The Council has agreed to an inspection, but subject to the condition that no notes may be taken of certain of the documents concerned. These documents are classified as "RESTREINT", which - I am sure you know - is the weakest of the four security classifications applied to Council documents. The Council believes that this restriction would not put at risk the legitimate purpose of the inspection. It points out that it has already submitted detailed observations on the complaints, describing the content of the documents in question and substantiating the reasons for refusal. It says that consultation of the documents will fully allow my services to understand and ascertain the validity of the reasons invoked by the Council.

That may be so. But in order to fulfil my role as Ombudsman, I must personally take a view as to whether the Council's refusals of disclosure are justified or not. I am the person the European Parliament has elected as Ombudsman and I am responsible for deciding on the three complaints. To do so, I need my services to report to me in sufficient detail, and with sufficient explanation, to allow me to make my decisions.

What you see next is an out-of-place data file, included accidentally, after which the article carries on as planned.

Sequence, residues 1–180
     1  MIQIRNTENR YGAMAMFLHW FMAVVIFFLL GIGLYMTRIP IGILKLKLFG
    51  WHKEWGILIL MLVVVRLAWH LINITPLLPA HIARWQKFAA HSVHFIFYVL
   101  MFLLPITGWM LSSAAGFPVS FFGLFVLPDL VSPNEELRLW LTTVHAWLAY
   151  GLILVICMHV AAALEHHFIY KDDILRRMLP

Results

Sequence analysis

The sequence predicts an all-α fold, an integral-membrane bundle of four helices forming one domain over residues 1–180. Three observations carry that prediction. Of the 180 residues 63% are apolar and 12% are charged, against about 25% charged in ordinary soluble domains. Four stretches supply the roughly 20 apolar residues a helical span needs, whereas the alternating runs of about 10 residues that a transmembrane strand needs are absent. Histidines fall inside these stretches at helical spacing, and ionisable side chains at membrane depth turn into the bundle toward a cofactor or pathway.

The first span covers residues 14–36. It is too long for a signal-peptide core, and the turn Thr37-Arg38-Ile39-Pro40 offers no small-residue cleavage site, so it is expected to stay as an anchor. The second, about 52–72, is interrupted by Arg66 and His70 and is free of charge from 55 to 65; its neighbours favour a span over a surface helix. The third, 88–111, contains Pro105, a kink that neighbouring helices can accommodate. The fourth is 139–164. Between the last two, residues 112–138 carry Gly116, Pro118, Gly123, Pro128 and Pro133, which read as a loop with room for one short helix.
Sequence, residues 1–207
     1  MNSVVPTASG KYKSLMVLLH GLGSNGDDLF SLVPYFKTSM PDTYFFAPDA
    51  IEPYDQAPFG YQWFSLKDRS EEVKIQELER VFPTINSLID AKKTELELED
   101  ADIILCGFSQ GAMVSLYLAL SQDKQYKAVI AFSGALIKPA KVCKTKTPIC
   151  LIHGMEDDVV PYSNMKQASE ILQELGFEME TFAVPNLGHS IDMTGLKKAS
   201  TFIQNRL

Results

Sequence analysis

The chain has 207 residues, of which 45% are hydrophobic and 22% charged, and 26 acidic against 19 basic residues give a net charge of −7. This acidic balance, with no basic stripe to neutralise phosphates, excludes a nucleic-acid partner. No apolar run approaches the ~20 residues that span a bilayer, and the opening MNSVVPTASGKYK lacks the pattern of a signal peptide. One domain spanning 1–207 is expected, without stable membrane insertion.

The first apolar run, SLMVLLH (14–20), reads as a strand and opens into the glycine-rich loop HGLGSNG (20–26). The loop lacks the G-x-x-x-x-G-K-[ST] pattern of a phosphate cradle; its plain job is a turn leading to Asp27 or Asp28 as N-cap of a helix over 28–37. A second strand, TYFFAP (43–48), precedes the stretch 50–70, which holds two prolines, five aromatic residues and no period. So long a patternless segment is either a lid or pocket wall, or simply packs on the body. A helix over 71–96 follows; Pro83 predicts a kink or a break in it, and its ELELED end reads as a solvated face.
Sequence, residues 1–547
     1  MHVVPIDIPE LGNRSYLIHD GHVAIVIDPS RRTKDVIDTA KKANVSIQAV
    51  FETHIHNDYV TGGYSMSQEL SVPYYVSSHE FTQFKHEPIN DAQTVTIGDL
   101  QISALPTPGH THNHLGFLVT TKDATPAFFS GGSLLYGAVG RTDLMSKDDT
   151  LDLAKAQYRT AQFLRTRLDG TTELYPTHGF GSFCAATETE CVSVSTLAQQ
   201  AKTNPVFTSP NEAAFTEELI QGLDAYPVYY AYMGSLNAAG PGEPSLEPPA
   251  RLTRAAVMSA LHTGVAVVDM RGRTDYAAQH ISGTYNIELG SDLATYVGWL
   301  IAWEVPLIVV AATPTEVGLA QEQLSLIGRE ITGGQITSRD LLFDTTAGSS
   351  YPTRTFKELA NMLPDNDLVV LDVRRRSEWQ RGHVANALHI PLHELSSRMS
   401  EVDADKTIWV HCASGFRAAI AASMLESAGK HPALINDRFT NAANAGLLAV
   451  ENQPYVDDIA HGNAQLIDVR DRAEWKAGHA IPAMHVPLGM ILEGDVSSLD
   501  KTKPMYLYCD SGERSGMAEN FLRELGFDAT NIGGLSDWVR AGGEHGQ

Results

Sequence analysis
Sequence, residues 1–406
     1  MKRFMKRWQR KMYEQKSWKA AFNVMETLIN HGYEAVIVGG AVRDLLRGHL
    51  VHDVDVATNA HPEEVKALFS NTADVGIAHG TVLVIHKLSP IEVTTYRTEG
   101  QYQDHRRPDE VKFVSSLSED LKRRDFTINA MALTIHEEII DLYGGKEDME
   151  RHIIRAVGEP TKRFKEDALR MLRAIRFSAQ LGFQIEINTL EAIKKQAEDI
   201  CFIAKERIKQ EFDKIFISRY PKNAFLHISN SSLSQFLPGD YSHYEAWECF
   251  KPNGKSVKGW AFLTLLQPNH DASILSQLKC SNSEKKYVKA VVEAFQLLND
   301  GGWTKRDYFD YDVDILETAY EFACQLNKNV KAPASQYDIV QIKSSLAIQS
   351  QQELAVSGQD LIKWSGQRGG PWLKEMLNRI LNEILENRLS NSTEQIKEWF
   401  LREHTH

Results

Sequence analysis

I do not see how my staff could do that without taking notes. I am ready to accept that the notes should not contain direct quotations, that the notes should themselves be treated as confidential, and that they would be destroyed after my services had reported to me.

You might think that I could participate personally in the inspections. But reflect on what that would mean in practice. It would not be sufficient just to turn up and read the documents. If my staff and I could not take notes, my decision would have to be drafted, discussed and accepted by me – all on the Council's premises. In other words, we would have to work on the Council's premises. We would need the infrastructure to make that possible: offices, computers, printers, telephones, access to our network. And I could hardly be expected, as Ombudsman, to work under supervision, so we would also need full access to the documents we were inspecting without the presence of Council staff.